It's no secret that since Instagram Live Stories launched in August, Snapchat's growth has stalled. In fact, many Snapchat influencers started to report less engagement on their Snapchat the second Instagram Stories went live.

Until today Instagram Live videos always disappeared. Once the live broadcast finished, the video was deleted forever. Meaning that anyone who didn't tune in live would not get a chance to see the content.

However, unlike Facebook Live and Periscope where the video can be saved to the platform, Instagram Live videos will not be saved to the site itself.

Instead, users can choose to save the video to their camera roll on their phone and share it on other platforms like Facebook or YouTube. This will give viewers who missed the live broadcast the opportunity to watch it at a later date.

Saving a video couldn't be any easier, once the stream comes to an end a save button appears in the upper-right corner.

Even though the video won't get saved to Instagram itself, the ability to save live videos should be enough to give the feature a boost in adoption rates. Knowing that their video would be gone forever once it concluded made some users hesitant to use the live feature. They wanted to be able to hang onto the content in case it produced a special moment that they could re-use for their branding.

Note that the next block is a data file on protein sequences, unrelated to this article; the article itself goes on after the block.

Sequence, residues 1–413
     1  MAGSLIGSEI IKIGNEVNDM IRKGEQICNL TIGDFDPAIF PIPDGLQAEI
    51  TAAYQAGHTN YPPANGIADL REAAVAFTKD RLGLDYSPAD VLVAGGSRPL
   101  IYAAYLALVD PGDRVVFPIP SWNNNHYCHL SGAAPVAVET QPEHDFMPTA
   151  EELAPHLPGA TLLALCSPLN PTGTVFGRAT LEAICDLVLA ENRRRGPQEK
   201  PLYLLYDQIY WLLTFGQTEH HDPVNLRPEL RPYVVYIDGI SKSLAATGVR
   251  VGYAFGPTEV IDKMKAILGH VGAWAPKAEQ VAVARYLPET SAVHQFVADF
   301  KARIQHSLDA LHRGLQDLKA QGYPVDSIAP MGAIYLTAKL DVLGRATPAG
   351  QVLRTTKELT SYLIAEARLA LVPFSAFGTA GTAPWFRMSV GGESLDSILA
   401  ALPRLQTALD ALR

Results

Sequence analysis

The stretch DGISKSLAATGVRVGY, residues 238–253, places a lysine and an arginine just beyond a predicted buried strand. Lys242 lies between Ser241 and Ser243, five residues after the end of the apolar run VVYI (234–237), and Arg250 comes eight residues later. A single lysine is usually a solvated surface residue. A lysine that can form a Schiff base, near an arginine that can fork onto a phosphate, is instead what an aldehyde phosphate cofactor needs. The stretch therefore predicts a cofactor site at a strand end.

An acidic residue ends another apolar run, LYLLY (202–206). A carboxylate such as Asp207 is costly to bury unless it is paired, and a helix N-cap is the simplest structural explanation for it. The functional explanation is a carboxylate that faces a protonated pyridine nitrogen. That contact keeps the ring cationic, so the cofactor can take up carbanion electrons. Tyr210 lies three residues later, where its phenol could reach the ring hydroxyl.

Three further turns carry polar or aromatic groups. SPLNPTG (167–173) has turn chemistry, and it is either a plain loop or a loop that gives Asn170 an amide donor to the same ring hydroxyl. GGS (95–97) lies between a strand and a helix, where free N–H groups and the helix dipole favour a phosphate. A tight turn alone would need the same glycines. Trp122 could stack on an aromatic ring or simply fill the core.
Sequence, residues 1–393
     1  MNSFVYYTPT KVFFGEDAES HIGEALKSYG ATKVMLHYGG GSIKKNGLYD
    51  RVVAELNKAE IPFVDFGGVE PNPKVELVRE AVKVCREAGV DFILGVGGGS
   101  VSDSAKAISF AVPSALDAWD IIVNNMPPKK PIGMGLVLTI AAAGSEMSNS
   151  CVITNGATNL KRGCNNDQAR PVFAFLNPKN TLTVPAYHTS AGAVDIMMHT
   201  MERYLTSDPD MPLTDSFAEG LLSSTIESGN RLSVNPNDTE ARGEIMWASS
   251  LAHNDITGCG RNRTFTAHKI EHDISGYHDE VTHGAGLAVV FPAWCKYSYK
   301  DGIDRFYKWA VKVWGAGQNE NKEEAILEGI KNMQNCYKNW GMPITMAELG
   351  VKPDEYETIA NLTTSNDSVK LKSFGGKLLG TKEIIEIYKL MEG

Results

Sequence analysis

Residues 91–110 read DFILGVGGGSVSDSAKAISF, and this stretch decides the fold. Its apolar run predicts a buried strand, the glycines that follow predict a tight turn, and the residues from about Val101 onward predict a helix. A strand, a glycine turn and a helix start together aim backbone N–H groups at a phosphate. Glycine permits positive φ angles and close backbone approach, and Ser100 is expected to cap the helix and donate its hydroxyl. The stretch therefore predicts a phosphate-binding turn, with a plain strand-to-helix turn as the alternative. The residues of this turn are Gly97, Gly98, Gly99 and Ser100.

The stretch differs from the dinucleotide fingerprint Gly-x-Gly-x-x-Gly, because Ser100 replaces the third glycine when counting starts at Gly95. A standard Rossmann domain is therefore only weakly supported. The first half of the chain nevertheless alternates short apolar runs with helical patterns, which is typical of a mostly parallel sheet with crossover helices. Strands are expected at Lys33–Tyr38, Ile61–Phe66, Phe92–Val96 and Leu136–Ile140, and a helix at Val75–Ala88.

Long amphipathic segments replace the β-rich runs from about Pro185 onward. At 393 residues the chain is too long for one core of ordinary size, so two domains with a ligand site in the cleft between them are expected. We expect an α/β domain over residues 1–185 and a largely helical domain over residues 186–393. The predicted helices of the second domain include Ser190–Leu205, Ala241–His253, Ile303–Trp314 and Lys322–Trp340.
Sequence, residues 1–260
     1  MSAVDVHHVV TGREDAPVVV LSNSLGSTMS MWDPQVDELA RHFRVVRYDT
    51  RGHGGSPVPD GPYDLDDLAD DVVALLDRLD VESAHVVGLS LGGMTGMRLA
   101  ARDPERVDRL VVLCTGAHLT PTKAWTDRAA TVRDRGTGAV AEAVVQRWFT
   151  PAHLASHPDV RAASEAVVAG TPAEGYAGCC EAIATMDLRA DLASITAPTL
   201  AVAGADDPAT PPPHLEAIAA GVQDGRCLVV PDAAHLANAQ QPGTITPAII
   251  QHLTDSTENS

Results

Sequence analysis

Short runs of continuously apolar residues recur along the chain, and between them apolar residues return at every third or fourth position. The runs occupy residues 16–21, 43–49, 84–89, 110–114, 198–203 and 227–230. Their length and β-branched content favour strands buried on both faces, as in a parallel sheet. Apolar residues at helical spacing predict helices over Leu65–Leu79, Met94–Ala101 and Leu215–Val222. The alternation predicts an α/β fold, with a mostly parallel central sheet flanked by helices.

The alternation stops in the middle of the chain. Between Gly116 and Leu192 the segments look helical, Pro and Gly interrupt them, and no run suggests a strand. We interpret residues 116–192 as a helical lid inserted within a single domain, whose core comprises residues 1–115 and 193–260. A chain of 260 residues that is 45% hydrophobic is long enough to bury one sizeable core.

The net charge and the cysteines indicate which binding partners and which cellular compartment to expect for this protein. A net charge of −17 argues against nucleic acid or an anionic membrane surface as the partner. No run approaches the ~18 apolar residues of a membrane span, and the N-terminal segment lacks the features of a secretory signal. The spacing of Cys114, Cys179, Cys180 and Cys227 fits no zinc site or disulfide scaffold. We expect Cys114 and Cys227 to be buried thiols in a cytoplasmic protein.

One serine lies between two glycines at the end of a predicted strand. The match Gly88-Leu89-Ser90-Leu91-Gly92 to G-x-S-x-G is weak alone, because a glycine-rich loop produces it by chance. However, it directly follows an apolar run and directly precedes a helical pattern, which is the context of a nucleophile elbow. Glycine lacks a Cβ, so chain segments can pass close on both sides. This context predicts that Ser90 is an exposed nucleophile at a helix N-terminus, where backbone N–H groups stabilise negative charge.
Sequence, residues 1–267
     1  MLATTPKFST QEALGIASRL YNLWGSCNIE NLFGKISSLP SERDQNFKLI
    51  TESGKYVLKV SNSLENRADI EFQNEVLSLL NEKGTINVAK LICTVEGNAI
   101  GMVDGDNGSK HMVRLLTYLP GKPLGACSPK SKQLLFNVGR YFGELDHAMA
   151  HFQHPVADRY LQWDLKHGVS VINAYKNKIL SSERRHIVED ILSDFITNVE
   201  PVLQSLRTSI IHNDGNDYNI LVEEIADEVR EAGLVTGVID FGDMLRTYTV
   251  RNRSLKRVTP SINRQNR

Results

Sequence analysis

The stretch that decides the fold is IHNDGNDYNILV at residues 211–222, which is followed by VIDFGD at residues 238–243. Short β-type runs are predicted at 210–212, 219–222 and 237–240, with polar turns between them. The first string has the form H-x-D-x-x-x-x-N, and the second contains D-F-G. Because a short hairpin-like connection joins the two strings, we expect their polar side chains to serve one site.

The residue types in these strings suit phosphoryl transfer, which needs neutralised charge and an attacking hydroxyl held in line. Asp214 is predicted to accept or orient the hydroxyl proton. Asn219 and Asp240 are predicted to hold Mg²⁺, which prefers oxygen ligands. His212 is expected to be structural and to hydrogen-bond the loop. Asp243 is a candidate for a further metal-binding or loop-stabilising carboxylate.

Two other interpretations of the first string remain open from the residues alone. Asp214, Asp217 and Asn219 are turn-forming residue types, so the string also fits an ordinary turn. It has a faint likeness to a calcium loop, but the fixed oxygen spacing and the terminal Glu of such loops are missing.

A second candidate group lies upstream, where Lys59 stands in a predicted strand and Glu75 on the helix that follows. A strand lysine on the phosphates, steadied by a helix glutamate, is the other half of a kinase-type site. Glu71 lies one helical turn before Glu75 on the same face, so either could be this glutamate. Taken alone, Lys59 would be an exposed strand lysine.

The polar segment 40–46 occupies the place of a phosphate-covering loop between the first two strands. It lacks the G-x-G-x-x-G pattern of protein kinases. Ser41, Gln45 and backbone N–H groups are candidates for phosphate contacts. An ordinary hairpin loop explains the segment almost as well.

Now, they have the peace of mind knowing that the video will still be there when the broadcast is done.

The one downside is that broadcasters can only save the video and not the response from their audience. The likes and conversation that resulted from the video will still be gone once the live broadcast is over. Since many broadcasters respond to live comments and likes during the video, not being able to retain them might create some remarks that seem odd or out of place if when the user repurposes the video on other sites.

Will this new feature from Instagram take a big bite out of Snapchat's user base? The one thing for sure is that video content remains in very high demand. The chess match for market share is just starting to get interesting.